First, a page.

China ranges from mostly plateaus and mountains in the west to lower lands in the east. Principal rivers flow from west to east, including the Yangtze (central), the Huang He (Yellow river, north-central), and the Amur (northeast), and sometimes toward the south (including the Pearl River, Mekong River, and Brahmaputra), with most Chinese rivers emptying into the Pacific Ocean.
In the east, along the shores of the Yellow Sea and the East China Sea there are extensive and densely populated alluvial plains. On the edges of the Inner Mongolian plateau in the north, grasslands can be seen. Southern China is dominated by hills and low mountain ranges. In the central-east are the deltas of China's two major rivers, the Huang He and Yangtze River. Most of China's arable lands lie along these rivers; they were the centers of China's major ancient civilizations. Other major rivers include the Pearl River, Mekong, Brahmaputra and Amur. Yunnan Province is considered a part of the Greater Mekong Subregion, which also includes Myanmar, Laos, Thailand, Cambodia, and Vietnam.
In the west, the north has a great alluvial plain, and the south has a vast calcareous tableland traversed by hill ranges of moderate elevation, and the Himalayas, containing Earth's highest point, Mount Everest. The northwest also has high plateaus with more arid desert landscapes such as the Takla-Makan and the Gobi Desert, which has been expanding. During many dynasties, the southwestern border of China has been the high mountains and deep valleys of Yunnan, which separate modern China from Burma, Laos and Vietnam.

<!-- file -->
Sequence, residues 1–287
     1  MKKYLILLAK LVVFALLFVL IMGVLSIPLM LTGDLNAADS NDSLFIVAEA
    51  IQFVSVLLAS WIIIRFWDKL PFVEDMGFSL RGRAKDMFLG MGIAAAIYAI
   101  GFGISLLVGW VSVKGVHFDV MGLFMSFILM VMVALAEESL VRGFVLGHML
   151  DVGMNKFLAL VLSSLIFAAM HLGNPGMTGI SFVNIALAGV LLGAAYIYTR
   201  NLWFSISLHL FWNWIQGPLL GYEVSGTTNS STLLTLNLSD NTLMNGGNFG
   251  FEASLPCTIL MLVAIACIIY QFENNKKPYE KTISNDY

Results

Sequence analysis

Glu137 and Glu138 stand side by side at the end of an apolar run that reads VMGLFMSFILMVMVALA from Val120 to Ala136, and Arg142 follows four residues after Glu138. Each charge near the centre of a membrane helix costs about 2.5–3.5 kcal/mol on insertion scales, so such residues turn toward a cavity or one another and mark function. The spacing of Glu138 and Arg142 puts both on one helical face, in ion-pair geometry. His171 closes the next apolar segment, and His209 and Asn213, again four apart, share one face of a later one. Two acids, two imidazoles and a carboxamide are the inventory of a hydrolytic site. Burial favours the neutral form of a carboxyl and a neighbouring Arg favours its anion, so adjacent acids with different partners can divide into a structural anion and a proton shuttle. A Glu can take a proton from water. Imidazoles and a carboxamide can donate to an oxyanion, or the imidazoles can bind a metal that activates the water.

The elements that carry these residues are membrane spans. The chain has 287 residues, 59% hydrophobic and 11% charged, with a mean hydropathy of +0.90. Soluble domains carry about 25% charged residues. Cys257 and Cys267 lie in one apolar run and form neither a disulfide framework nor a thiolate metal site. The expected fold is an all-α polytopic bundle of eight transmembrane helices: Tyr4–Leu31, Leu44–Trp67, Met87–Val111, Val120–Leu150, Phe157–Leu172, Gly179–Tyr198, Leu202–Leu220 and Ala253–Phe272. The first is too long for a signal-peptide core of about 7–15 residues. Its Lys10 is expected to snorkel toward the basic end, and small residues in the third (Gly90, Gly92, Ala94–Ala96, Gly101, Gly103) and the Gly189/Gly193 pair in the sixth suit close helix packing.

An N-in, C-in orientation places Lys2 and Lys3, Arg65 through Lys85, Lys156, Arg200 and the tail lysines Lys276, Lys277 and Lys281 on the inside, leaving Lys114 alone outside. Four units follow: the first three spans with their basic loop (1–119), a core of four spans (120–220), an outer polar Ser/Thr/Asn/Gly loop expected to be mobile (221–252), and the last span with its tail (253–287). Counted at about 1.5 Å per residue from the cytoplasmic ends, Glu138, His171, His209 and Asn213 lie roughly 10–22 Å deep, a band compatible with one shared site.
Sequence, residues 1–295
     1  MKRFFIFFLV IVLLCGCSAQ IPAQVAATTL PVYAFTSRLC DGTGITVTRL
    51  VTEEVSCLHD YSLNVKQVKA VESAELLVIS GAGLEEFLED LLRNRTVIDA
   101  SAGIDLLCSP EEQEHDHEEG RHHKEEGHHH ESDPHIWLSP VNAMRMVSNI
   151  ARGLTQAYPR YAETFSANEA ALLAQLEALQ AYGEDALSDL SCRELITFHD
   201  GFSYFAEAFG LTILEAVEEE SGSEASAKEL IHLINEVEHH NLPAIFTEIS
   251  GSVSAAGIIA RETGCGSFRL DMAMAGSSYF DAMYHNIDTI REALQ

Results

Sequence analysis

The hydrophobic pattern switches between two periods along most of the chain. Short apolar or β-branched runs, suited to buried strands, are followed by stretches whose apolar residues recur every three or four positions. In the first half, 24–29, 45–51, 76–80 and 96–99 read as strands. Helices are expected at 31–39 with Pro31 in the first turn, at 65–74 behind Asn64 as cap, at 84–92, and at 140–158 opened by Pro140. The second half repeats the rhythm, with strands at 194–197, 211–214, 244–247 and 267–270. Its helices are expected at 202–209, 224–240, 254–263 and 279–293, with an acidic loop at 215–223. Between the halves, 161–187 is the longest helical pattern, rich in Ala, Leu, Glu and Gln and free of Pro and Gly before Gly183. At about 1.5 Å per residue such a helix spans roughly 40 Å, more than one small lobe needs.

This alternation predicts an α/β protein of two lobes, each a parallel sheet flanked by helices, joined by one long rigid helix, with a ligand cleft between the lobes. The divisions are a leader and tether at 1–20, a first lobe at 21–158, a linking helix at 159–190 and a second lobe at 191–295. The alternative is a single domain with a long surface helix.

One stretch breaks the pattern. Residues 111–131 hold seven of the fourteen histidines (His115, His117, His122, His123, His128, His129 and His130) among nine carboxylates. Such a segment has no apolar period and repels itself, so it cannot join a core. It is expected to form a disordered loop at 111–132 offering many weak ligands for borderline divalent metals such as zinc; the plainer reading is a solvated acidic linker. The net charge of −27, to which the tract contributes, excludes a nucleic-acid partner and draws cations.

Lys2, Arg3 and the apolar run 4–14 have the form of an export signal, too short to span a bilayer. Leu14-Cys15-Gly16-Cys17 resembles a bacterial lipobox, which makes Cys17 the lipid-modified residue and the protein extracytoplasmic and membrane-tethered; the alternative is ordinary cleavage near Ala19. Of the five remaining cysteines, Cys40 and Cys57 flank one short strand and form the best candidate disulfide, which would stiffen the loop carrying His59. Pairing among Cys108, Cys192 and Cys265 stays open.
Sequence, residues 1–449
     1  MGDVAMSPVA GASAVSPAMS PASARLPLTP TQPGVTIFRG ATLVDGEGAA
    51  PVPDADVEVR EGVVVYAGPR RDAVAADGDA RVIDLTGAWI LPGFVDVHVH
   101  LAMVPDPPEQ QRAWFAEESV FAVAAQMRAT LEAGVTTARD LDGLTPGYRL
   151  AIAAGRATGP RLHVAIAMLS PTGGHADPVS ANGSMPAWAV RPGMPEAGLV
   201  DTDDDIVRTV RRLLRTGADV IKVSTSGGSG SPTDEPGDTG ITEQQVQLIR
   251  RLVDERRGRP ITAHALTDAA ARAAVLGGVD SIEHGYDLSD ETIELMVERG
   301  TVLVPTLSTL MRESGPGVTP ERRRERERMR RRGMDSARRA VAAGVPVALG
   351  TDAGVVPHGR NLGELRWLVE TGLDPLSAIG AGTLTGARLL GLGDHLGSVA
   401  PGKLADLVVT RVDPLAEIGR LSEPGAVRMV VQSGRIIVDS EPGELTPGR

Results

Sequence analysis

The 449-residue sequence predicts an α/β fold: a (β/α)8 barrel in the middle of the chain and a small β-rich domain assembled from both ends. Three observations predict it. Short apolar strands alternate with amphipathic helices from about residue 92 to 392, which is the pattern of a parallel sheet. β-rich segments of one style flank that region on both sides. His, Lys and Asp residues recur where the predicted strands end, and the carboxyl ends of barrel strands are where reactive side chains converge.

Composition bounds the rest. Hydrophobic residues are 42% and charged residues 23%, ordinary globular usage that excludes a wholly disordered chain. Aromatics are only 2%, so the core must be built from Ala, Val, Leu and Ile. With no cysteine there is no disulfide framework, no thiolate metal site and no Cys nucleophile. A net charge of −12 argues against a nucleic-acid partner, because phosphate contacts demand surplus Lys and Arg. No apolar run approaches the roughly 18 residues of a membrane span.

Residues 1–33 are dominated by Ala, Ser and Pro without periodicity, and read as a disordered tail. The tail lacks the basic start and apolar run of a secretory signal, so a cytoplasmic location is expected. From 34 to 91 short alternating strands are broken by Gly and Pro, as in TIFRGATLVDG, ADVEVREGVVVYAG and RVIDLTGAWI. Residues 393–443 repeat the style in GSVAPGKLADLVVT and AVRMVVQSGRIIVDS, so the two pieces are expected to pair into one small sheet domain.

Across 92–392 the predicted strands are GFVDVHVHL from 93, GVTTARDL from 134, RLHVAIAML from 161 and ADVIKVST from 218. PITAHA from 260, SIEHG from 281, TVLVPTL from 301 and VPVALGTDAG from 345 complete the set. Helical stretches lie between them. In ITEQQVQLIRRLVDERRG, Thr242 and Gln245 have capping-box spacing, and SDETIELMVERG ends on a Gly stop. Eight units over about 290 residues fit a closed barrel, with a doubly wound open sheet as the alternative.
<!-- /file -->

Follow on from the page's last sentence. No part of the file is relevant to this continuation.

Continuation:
The Paleozoic formations of China, excepting only the upper part of the Carboniferous system, are marine, while the Mesozoic and Tertiary deposits are estuarine and freshwater or else of terrestrial origin. Groups of volcanic cones occur in the Great Plain of north China. In the Liaodong and Shandong Peninsulas, there are basaltic plateaus.
The climate of China varies greatly. The northern zone (containing Beijing) has summer daytime temperatures of more than 30 degrees Celsius and winters of Arctic severity. The central zone (containing Shanghai) has a temperate continental climate with very hot summers and cold winters. The southern zone (containing Guangzhou) has a subtropical climate with very hot summers and mild winters.
Due to a prolonged drought and poor agricultural practices, dust storms have become usual in the spring in China. Dust has blown to southern China and Taiwan, and has even reached the West Coast of the United States. Water, erosion, and pollution control have become important issues in China's relations with other countries.
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